Malaysia suspends Pakistani pilots after license fraud revelation

In this May 22, 2020 file photo, volunteers look for survivors of a Pakistan International Airlines plane that crashed in a residential area of Karachi, Pakistan. Pakistan last week grounded almost a third of its pilots after discovering they may have falsified their qualifications. (AP Photo/Fareed Khan, File)
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Updated 03 July 2020

Malaysia suspends Pakistani pilots after license fraud revelation

  • Pakistan last week grounded almost a third of its pilots after discovering they may have falsified their qualifications

KUALA LUMPUR: Malaysia’s aviation regulator has temporarily suspended pilots employed by domestic airlines who hold Pakistani licenses, after the government of the south Asian nation revealed that many pilots had dubious qualifications.
The Civil Aviation Authority of Malaysia (CAAM) said in a statement on Thursday that the decision came after an evaluation of all foreign pilots in Malaysia. The regulator told Reuters that there are less than 20 Pakistani pilots in the country.
Pakistan last week grounded almost a third of its pilots after discovering they may have falsified their qualifications. Pakistan has a total of 860 pilots, 107 of whom work for foreign airlines.
Global concern has mounted since the announcement, with countries grounding Pakistan pilots and seeking to verify their credentials.
The European Union Aviation Safety Agency has also suspended Pakistan International Airlines’ authorization to fly to the bloc for six months.
CAAM said it is making efforts with its Pakistani counterpart to verify the authenticity of the license holders.
“License holders that are verified as valid by (the Pakistan Civil Aviation Authority) will be reinstated immediately,” it said.
National carrier Malaysia Airlines said it does not have any Pakistan pilot.


France backs calls for EU sanctions on Turkey

Updated 53 min 16 sec ago

France backs calls for EU sanctions on Turkey

  • Cypriot officials insist the EU shouldn’t set a ‘double standard’ by imposing sanctions against Belarus for alleged voter fraud while avoiding doing so when Turkey carries on its exploration at the expense of EU members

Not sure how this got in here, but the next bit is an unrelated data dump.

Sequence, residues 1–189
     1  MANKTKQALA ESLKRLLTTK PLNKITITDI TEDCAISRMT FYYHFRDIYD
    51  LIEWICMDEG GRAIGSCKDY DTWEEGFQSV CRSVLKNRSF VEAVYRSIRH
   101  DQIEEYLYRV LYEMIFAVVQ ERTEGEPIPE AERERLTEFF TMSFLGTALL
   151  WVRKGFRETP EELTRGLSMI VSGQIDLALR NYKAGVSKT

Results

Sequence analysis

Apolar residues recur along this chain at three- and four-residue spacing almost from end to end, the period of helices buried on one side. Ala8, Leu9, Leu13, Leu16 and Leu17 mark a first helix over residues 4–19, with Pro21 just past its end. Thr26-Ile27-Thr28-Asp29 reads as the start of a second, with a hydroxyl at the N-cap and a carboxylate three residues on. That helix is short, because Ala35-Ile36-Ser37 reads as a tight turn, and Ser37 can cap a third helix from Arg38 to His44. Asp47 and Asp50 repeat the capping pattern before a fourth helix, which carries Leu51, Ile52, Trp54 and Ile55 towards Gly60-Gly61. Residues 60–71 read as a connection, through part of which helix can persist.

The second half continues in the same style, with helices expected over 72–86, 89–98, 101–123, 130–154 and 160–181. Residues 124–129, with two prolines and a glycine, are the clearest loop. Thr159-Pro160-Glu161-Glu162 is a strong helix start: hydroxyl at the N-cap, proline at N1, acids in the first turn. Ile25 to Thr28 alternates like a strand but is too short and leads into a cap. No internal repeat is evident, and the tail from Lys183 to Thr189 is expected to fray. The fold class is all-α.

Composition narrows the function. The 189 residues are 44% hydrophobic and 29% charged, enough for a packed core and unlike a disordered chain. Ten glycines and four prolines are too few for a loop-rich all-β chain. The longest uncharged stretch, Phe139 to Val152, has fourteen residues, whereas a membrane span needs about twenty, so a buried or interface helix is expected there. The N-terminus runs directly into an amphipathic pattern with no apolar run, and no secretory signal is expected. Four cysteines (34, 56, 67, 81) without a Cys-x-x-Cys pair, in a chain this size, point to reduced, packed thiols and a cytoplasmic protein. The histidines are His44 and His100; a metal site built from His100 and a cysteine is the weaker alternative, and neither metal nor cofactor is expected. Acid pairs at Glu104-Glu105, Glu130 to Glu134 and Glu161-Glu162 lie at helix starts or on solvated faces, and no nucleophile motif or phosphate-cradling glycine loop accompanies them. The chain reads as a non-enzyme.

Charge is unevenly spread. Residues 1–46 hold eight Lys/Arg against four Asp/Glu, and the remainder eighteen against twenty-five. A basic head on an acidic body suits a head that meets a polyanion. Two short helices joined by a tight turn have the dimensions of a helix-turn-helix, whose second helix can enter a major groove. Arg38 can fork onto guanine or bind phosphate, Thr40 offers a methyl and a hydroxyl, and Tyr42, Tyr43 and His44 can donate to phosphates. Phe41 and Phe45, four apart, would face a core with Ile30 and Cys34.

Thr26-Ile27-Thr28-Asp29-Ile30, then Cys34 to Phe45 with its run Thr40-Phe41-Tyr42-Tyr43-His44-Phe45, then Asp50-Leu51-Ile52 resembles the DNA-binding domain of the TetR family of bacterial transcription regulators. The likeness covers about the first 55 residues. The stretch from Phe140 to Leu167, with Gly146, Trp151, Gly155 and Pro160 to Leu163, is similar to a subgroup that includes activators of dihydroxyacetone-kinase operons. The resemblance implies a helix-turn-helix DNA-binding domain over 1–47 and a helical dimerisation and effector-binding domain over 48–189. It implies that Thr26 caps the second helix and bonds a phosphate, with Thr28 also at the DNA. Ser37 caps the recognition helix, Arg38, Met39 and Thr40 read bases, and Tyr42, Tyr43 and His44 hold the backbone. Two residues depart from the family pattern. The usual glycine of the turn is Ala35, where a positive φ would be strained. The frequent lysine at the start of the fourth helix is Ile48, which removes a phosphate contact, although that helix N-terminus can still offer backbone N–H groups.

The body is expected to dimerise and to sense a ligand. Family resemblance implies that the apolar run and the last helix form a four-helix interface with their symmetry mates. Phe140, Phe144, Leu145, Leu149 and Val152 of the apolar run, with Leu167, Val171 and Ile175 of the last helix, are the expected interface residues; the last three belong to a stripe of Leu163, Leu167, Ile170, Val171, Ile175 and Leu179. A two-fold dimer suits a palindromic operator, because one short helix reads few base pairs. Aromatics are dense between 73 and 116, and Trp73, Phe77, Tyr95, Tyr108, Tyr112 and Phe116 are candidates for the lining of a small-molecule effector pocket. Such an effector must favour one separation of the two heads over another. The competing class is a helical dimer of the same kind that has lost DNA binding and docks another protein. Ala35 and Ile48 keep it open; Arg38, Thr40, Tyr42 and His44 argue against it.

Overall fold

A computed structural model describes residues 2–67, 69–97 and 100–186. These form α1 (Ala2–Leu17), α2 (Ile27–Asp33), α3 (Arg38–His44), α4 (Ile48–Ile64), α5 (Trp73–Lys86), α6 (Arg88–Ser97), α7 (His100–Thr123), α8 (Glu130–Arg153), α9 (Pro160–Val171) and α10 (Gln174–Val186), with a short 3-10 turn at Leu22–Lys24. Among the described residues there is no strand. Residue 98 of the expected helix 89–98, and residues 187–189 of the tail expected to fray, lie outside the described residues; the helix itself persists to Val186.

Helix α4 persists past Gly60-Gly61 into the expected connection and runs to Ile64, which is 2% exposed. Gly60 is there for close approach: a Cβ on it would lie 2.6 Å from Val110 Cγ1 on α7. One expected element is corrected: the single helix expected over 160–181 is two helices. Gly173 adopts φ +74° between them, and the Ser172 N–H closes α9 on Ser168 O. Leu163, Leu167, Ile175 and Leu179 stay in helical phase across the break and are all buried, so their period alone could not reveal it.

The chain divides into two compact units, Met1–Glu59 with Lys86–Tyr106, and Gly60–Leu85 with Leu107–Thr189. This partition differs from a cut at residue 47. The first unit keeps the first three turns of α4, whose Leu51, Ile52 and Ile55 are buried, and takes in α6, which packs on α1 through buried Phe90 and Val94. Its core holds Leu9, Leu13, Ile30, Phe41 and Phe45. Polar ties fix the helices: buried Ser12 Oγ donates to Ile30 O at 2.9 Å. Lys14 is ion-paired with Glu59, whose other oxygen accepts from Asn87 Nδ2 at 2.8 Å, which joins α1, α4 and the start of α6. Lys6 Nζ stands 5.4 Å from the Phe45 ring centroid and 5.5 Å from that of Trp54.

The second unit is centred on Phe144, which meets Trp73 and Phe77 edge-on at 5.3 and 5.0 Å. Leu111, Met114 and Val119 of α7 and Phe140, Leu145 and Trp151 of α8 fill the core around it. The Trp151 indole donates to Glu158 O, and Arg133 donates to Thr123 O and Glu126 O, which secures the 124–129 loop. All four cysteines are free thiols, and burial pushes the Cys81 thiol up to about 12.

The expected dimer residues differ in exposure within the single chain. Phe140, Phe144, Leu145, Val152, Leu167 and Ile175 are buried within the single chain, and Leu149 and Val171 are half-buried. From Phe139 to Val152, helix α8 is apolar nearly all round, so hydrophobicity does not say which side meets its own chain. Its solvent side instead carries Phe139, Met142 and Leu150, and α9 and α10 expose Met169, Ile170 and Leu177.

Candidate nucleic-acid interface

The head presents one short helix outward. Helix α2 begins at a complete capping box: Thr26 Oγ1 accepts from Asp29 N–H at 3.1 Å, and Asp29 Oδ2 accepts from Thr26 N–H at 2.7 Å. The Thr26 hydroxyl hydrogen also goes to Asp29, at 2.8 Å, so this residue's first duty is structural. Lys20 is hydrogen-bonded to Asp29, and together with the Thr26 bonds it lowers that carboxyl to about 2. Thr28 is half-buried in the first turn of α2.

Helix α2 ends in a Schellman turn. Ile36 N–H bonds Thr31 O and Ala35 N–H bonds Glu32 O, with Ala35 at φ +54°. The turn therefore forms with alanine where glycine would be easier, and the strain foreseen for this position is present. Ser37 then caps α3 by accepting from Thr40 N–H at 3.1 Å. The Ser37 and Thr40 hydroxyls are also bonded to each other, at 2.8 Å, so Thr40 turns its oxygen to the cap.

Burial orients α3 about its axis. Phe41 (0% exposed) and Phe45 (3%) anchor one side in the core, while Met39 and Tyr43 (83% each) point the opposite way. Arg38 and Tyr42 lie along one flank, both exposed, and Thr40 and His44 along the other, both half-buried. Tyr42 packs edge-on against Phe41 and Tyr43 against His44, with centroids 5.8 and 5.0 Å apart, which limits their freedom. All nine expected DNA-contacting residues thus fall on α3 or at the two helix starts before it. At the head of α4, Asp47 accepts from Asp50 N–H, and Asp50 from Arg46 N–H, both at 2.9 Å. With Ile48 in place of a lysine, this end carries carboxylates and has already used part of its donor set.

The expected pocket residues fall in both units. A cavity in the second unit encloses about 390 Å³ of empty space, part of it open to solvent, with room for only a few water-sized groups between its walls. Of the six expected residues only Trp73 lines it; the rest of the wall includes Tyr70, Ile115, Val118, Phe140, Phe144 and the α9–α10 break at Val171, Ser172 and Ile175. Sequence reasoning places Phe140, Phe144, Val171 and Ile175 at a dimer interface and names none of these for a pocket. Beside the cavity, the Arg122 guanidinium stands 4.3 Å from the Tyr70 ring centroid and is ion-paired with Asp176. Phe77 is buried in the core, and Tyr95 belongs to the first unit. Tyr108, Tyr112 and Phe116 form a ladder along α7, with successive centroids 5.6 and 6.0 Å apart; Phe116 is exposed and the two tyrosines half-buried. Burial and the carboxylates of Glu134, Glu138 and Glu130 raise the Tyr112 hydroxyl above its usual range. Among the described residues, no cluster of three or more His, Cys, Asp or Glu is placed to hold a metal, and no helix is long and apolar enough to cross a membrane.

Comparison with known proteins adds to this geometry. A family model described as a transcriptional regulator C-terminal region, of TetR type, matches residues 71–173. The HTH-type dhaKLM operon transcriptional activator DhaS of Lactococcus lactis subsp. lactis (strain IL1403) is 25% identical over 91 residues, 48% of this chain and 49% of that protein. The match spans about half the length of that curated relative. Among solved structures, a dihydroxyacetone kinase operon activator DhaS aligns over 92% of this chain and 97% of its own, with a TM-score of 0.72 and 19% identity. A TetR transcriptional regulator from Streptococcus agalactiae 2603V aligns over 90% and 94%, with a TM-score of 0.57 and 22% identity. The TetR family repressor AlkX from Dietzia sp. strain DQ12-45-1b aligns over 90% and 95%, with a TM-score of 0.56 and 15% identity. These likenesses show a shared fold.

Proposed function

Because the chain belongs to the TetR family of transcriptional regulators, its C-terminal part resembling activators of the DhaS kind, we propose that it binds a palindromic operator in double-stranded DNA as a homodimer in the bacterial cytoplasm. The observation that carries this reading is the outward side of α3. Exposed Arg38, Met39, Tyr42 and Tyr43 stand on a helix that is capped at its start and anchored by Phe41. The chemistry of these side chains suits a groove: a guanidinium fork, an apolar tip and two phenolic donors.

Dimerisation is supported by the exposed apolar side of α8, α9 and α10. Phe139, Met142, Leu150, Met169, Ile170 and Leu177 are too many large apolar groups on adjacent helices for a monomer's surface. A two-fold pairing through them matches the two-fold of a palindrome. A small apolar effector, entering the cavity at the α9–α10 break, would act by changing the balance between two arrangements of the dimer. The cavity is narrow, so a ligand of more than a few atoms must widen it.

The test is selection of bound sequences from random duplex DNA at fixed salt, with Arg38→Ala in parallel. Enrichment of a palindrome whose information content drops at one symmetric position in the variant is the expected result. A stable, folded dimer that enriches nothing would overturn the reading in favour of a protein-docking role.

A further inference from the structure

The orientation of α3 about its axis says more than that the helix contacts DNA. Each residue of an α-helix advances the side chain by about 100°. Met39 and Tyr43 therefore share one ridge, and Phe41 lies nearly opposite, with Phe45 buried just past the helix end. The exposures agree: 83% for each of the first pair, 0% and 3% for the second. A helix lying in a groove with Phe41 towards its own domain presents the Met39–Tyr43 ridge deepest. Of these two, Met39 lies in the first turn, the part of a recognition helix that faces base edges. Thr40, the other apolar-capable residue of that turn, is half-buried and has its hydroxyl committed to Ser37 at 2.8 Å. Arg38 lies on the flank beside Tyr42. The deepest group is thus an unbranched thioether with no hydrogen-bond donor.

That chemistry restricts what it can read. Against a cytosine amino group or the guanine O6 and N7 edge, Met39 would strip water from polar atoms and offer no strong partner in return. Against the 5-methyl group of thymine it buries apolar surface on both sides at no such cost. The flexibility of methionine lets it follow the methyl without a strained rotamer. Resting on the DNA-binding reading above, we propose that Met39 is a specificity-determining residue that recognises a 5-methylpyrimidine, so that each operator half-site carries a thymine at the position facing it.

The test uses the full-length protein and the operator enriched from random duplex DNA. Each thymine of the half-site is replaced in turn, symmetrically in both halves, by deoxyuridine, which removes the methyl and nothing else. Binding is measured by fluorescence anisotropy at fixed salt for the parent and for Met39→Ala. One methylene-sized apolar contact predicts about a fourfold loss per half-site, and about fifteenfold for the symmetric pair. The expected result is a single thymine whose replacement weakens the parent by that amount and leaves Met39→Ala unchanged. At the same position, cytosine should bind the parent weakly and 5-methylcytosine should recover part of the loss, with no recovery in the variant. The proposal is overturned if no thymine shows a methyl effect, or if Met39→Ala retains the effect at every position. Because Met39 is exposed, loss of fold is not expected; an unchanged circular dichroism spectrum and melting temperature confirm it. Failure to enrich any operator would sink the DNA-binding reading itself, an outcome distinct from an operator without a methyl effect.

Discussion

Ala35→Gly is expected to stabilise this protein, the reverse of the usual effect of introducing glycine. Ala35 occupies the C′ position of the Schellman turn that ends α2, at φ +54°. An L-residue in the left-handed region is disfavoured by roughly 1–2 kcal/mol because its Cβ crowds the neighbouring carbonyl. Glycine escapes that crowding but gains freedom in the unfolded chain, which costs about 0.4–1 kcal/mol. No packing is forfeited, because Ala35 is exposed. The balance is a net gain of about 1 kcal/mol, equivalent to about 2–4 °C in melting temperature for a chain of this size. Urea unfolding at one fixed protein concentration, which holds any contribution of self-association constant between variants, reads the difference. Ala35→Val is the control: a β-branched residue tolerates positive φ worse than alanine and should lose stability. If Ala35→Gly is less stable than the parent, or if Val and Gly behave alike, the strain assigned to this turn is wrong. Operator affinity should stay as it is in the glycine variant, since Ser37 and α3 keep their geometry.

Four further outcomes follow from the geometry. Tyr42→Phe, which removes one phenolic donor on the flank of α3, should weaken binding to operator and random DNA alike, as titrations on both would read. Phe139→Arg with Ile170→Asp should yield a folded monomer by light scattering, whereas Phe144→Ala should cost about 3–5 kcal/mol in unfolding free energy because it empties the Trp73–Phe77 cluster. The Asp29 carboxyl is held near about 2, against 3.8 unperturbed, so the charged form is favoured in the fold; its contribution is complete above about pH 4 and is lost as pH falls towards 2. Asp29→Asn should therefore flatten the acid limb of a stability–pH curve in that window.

JEDDAH: France on Friday backed Cyprus’ calls for the EU to consider imposing tougher sanctions on Turkey if the Turkish government won’t suspend its search for energy reserves in eastern Mediterranean waters where Cyprus and Greece claim exclusive economic rights.

French Minister for European Affairs Clement Beaune said sanctions should be among the options the 27-member bloc considers employing if Turkey continues to “endanger the security and sovereignty of a member state.”

“But we consider that the union should also be ready to use all the instruments at its disposal, among them one of sanctions, if the situation didn’t evolve positively,” Beaune said after talks with Cypriot Foreign Minister Nikos Christodoulides in Nicosia.

A European Parliament resolution has called for sanctions against Turkey unless it showed “sincere cooperation and concrete progress” in defusing tensions with Greece and Cyprus.

Marc Pierini, a former EU ambassador to Turkey and now analyst at Carnegie Europe, said the resolution reflected the views of a democratically elected parliament from across the bloc. “This is not ‘country X against country Y,’ it is the aggregated view of the European Parliament,” he told Arab News.

EU leaders are set to hold a summit in a few days to discuss how to respond to Turkey prospecting in areas of the sea that Greece and Cyprus insist are only theirs to explore.

Turkey triggered a naval stand-off with NATO ally Greece after dispatching a warship-escorted research vessel in a part of the eastern Mediterranean that Greece says is over its continental shelf. Greece deployed its own warship and naval patrols in response.

Greek and Turkish military officers are also holding talks at NATO headquarters to work out ways of ensuring that any standoff at sea doesn’t descend into open conflict.

Greek Foreign Minister Nikos Dendias said Turkey’s withdrawal of its survey ship and warship escorts was a positive step, but that Greece needs to make sure Ankara is sincere.

He said a list of sanctions will be put before EU leaders at next week’s summit and whether they’ll be implemented will depend on Turkey’s actions. “I’m hoping that it won’t become necessary to reach that point,” Dendias said.

Cypriot officials insist the EU shouldn’t set a “double standard” by imposing sanctions against Belarus for alleged voter fraud and police brutality while avoiding doing so when Turkey carries on its exploration at the expense of EU members.

Meanwhile, the EU is set to announce sanctions on Monday against three companies from Turkey, Jordan and Kazakhstan which are accused of violating a UN arms embargo on Libya, diplomats told AFP.